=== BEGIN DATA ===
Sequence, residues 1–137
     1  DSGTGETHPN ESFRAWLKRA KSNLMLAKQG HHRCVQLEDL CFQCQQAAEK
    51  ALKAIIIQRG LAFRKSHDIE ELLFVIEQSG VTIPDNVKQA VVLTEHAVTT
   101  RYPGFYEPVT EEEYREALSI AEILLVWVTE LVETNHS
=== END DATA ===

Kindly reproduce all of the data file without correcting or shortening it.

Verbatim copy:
Sequence, residues 1–137
     1  DSGTGETHPN ESFRAWLKRA KSNLMLAKQG HHRCVQLEDL CFQCQQAAEK
    51  ALKAIIIQRG LAFRKSHDIE ELLFVIEQSG VTIPDNVKQA VVLTEHAVTT
   101  RYPGFYEPVT EEEYREALSI AEILLVWVTE LVETNHS